BLESSING WHAT IS REAL | By Harav Y. Reuven Rubin Shlita

Printable version


By Harav Y. Reuven Rubin Shlita

“Boruch Hashem,” how many times do you say this cherished expression on a daily bases? It flows from the tongue so easily, and so it should. But do we live what we say? Do we even think what the impact of these words should have in our reality?

In this fast paced world where our focus is measured in seconds, and our tongues are used to using words with no meaning, it’s not surprising that we may use “Boruch Hashem” as an expression of our Jewishness with no regard to what it truly confers.

In every life there comes along certain souls, exemplars of spiritual sincerity, softly radiating a sense that whatever they say they mean. I write these words on the anniversary of the Petira of my Shver (father in law) Reb Shloma Yechiel Grodzinsky Zt”l, a yied whose very sigh was attached to Kaviyuchal The Eibishta. Born in the village that was known to the Jewish world as Ger, he still remembered seeing the Sfas Emes Ztl as a child. Life wasn’t easy, tragically losing his family in the Churban, then starting from afresh in the new land of America. He then found himself raising children at an advanced stage in life, yet he got thru it all with a truthful sigh of “Boruch Hashem.” No matter the circumstances, the Shver totally accepted and thrived with the knowledge that everything was from Hashem and therefor for the good. I never heard him complain about his portion in life, it was all from Hashem and that was enough.

In Parshas Vayishlach we find Yakov about to meet his outlaw brother Esau. He offers up a tefilah to Hashem relating how he finds himself in his present situation, then he relates what Hashem had told him, “And You had said, ‘I will surely do good with you and I will make your offspring like the sand of the sea which is too numerous to be counted.” Rashi explains that literally the passage says “doing good, I will do good” This double usage of “good” requires some understanding. The Sfas Emes explains that often we find that people ask Hashem to help them in a particular situation. The problem is that they want Hashem to do good as they understand it should be, not as Hashem wills. We believe we should have wealth, or perhaps a particular position. However that’s not always what is truly best for us. Hashem is the One that knows that which is suitable for our tikun and pathway. Instead of davening to Hashem to do that which we believe is good for us, we must daven to Hashem to do the good His Will sees fit for us. Continues the Rebbe, our passage’s double use of the words for good denotes that we must ask Hashem for the good that is truly good for us, not that which we surmise is best.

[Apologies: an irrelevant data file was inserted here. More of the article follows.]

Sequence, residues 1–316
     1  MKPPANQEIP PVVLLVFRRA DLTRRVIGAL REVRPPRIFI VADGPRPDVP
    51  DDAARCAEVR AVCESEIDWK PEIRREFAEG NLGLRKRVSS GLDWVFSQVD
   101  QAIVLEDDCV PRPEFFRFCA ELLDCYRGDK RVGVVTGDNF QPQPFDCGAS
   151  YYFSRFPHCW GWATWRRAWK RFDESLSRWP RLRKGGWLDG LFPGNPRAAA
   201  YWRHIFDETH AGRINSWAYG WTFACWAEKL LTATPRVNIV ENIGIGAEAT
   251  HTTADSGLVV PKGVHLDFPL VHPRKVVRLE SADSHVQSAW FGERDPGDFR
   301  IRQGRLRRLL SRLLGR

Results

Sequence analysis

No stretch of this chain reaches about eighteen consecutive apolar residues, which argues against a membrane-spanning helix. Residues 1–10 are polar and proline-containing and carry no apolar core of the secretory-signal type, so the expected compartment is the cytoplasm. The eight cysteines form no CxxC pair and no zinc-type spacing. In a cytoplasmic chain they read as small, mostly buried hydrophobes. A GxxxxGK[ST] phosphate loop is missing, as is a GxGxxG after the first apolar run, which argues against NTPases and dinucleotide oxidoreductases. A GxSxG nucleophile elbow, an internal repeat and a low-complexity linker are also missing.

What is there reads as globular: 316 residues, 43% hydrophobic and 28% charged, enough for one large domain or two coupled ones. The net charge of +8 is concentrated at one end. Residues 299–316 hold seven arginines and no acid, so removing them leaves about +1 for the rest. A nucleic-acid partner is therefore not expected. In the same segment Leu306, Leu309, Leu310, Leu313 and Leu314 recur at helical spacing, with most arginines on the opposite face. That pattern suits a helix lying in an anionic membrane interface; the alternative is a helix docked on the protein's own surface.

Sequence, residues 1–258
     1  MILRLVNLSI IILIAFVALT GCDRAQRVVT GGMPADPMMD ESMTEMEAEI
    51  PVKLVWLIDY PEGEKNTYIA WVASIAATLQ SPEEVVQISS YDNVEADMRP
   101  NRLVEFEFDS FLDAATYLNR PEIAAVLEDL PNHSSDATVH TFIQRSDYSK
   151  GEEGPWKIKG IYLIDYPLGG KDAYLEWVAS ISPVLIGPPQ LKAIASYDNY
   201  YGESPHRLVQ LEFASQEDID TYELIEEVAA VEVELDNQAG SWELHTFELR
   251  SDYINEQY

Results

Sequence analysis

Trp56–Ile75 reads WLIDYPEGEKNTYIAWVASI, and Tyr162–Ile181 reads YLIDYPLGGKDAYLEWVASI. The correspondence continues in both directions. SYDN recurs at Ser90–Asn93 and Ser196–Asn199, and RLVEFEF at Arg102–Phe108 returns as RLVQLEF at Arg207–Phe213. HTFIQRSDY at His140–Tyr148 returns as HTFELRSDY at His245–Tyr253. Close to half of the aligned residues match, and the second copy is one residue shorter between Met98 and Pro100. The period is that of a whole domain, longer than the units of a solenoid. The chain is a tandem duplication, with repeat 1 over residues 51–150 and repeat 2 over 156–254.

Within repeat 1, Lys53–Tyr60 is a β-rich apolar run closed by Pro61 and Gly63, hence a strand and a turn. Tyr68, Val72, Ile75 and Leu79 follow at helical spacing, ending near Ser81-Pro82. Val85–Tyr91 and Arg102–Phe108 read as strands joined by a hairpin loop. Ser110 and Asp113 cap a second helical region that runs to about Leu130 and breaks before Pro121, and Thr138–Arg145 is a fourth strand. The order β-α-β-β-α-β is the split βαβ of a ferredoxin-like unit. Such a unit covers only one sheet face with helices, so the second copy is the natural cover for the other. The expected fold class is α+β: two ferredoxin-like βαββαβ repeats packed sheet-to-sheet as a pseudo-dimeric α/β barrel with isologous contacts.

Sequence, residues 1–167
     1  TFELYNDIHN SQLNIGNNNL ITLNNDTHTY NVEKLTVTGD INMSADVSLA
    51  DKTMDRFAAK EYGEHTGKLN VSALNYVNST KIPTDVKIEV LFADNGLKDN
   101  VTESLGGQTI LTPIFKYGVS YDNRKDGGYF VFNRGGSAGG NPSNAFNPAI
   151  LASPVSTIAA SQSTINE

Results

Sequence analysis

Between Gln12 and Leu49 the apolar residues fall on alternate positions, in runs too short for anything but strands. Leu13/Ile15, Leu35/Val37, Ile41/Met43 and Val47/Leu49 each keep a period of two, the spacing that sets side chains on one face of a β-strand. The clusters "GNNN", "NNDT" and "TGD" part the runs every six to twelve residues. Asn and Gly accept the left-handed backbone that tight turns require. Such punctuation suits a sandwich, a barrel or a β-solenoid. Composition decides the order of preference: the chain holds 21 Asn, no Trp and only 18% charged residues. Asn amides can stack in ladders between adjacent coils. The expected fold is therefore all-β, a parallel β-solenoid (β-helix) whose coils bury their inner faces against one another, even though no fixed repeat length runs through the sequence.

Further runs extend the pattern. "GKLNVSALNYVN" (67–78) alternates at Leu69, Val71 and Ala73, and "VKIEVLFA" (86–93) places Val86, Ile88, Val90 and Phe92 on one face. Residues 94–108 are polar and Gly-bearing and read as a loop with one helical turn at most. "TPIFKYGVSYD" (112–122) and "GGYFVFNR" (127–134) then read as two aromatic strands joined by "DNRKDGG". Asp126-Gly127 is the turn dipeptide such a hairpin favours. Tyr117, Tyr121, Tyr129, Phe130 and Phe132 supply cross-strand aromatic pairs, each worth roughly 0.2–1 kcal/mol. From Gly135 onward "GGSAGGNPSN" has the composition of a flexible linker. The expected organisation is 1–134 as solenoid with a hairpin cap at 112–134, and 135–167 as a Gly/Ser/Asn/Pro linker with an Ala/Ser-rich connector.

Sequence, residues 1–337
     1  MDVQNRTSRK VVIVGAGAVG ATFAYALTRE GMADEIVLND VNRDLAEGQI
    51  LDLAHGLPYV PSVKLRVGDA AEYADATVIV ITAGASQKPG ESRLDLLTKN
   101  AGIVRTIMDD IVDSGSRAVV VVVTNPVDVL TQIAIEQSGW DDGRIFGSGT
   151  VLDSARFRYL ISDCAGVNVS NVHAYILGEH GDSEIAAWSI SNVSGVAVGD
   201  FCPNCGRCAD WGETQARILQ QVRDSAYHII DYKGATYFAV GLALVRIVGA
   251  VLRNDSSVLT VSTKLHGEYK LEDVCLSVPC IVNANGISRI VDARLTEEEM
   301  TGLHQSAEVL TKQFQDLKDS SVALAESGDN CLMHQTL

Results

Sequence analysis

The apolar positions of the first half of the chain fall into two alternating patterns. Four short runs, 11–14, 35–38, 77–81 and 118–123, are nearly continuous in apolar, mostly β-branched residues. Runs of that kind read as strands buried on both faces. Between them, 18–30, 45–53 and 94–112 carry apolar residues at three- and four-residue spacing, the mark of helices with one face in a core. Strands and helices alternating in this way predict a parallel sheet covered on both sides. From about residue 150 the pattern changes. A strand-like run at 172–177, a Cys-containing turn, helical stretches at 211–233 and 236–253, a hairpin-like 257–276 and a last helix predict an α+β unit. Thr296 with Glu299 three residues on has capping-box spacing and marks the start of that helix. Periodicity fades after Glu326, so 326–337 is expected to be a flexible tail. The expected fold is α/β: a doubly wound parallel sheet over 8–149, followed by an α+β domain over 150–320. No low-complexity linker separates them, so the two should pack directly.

Living life with this understanding is truly challenging. Our days are filled with difficulties, and we often wonder why things don’t seem to go our way. We pray that Hashem send His help, but often as not, prescribe what that help should be. When it doesn’t go that way we question what is happening.

A yied should never even have questions, never feel let down, that is the true sign of total faith.

When you see such faith in action, when you bask in the spiritual illumination of such total connection with Hashem, then you have been blessed to know what a “Boruch Hashem” yied is. His actions create malochim of kidduch Hashem, every moment is seen as a gift.

The Shver gave me a glimpse of such calm total giving over to Hashem’s Will. It never mattered what the challenge was, it was all Hashem’s doing and therefor good. I have seen such real faith in others, yes, such giants live amongst us. It is their “Boruch Hashem” that keeps us all going. Long may they continue, and long may each of us strive to touch the garment of such firm belief in our own rough and tumble lives.